Rodrigo Rosenfeld Rosas wrote:

Sorry, forgot to say that for hashes this becomes:

[keyname: 'value', anotherkey: 'another_value'].each{ println
"${it.key}: ${it.value}"}
[...]
Em 05-06-2011 15:56, Rodrigo Rosenfeld Rosas escreveu:

I would just like to point it out that in Groovy, one can write either:

[1, 2].each{ println it }
[...]

"it" is not speakable.

"with each it"
"for each it"

where "item" or "value" is speakable

"with each item" or "with each value"
"for each item" or "for each value"

#10 Updated by Rodrigo Rosenfeld Rosas almost 3 years ago

I'm not saying we should copy Groovy syntax or ideas. I'm just showing that this is already done in Groovy.

At first I liked the idea of not needing to define an internal variable, but as I started to use it, I run into trouble where it was a bit difficult to figure out what was going wrong in cases like this:

someCollection.each {
doSomeOperationWith(it)
Thread.start { println it } // "it" here is not an item from the collection
}

#11 Updated by Charles Nutter almost 3 years ago

I've gone back and forth on whether I like this feature in Groovy. For simple iterations or chained iterations, it definitely shortens things up:

some_array.map { foo(it) }.select { bar(it) }.each { baz(it) }

versus

some_array.map {|it| foo(it) }.select {|it| bar(it) }.each {|it| baz(it) }

Perhaps something more Scala-like:

somearray.map { foo() }.select { bar() }.each { baz() }

That's actually fairly clean in the normal form and explicitly passing arguments as normal:

somearray.map {|| foo() }.select {|| bar() }.each {|| baz(_) }

Yes, it looks like ass. But I think it's better to be explicit than implicit most of the time (anti-magic variable) and better to just use words rather than symbols (anti-special char or $ variable).

Ask me again tomorrow and I might have changed my mind and love the feature.

FWIW, I have implemented "it" in JRuby previously, just for fun. It's not hard to add, if the powers decide it's a good feature for Ruby.

#12 Updated by Lazaridis Ilias almost 3 years ago

Charles Nutter wrote:
[...]

FWIW, I have implemented "it" in JRuby previously, just for fun. It's not hard to add, if the powers decide it's a good feature for Ruby.

Some important details:

  • the user can choose to use explicit variables.
  • existent code behaves exactly the same
  • only if existent code is changed to use defaults, care must be take to not shadow local variables (should be very rare that an "accident" happens)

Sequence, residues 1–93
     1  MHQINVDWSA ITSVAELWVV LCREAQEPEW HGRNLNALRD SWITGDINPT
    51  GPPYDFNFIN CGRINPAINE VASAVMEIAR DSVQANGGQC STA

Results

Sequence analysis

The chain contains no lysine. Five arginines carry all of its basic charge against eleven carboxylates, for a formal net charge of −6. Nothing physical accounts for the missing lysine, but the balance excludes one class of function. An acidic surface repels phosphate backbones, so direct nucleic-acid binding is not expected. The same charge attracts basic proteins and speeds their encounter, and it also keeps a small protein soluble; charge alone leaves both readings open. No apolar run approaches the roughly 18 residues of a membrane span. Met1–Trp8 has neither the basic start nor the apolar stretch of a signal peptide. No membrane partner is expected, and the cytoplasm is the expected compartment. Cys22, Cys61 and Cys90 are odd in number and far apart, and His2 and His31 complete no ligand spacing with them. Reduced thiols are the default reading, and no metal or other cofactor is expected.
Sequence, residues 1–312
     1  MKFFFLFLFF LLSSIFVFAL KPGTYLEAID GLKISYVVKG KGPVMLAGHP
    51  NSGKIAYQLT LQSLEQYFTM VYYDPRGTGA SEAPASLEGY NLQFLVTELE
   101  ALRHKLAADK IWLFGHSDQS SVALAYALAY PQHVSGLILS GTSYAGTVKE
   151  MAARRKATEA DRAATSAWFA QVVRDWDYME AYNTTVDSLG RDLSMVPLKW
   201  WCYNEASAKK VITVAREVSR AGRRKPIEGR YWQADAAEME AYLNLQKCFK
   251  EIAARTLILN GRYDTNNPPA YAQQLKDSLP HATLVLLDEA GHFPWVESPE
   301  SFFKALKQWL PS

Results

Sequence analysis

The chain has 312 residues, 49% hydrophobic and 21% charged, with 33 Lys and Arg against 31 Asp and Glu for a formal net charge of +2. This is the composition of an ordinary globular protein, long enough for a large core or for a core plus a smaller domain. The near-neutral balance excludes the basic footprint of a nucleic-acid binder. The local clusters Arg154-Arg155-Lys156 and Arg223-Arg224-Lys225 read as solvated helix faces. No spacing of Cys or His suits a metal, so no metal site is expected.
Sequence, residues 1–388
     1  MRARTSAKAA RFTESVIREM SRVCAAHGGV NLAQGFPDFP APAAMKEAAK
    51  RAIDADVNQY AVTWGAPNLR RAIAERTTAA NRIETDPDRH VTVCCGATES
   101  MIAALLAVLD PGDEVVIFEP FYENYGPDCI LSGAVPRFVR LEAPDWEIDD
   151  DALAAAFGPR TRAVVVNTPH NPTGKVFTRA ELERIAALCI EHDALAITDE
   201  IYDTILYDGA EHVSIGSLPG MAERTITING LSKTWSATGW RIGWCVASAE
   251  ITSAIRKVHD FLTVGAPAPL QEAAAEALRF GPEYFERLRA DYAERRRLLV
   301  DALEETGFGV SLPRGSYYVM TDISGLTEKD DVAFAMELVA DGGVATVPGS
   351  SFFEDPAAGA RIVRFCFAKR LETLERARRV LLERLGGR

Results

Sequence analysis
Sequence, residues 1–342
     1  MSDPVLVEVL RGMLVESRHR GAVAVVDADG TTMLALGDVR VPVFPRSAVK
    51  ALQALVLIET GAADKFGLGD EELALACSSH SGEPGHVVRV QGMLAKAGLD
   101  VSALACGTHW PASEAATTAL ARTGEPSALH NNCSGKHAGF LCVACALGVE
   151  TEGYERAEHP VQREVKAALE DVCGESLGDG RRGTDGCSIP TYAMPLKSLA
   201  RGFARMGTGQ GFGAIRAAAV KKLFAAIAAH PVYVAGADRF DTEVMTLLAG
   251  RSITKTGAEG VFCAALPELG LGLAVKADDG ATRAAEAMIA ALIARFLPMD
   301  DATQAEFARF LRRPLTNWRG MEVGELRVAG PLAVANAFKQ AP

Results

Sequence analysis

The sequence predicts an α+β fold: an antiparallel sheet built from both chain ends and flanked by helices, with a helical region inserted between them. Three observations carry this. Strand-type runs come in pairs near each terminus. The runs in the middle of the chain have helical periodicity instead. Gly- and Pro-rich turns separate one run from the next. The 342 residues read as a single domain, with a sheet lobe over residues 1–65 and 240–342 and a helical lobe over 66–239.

• a user can decide to write only new code with defaults

#13 Updated by Jan Lelis almost 3 years ago

There is (almost) a case where it is already possible:

"string".gsub(/./){ |e|
# use e
}

vs.

"string".gsub(/./){
# use $&
}

I always (except in code-golfing) end up with the first solution. However, when using subgroups, I just love to use them:

"string".gsub(/com(plex)_reg(ex)/){
# use $1, $2, ...
}

To get back to the original problem, I'd prefer: $item (which is -of course- not a global variable).

PS: Since $dollar variables are rarely used anyway, lets transform them all into special variables :D

#14 Updated by Adam Prescott almost 3 years ago

On Fri, Jun 10, 2011 at 1:28 AM, Jan Lelis mail@janlelis.de wrote:

"string".gsub(/com(plex)_reg(ex)/){
# use $1, $2, ...
}

To get back to the original problem, I'd prefer: $item (which is -of
course- not a global variable).

PS: Since $dollar variables are rarely used anyway, lets transform them all
into special variables :D

I think the ${1,2,3,...} variables match the gsub(regex, "a $1 replacement
$2 here $3").

While using $item, or any other identifier, as the implicit argument might
make some code a few characters shorter to write, what other benefits are
there? All I can see is that it adds one more thing to learn in the language
and introduces greater complexity, both for people who've never seen it, and
for scoping rules. I see nothing wrong with the explicit { |item| ... }.
It's readable, it works.

#15 Updated by Adam Prescott almost 3 years ago

On Fri, Jun 10, 2011 at 2:32 PM, Adam Prescott adam@aprescott.com wrote:

I think the ${1,2,3,...} variables match the gsub(regex, "a $1 replacement
$2 here $3").

Sorry, that wasn't really clear, and the latter code should be \1 not $1. I
shouldn't rush!

What I mean by this is that the variables have a clear association to
capturing group numbers. Experience with regular expressions in Ruby and
elsewhere will suggest to you what $1 will get replaced to in the block-form
of gsub. The general implicit block argument $item does not, at least to me.

#16 Updated by Alexey Muranov over 2 years ago

I agree with Adam.
In my opinion, this would be "convention over configuration" pushed to extreme.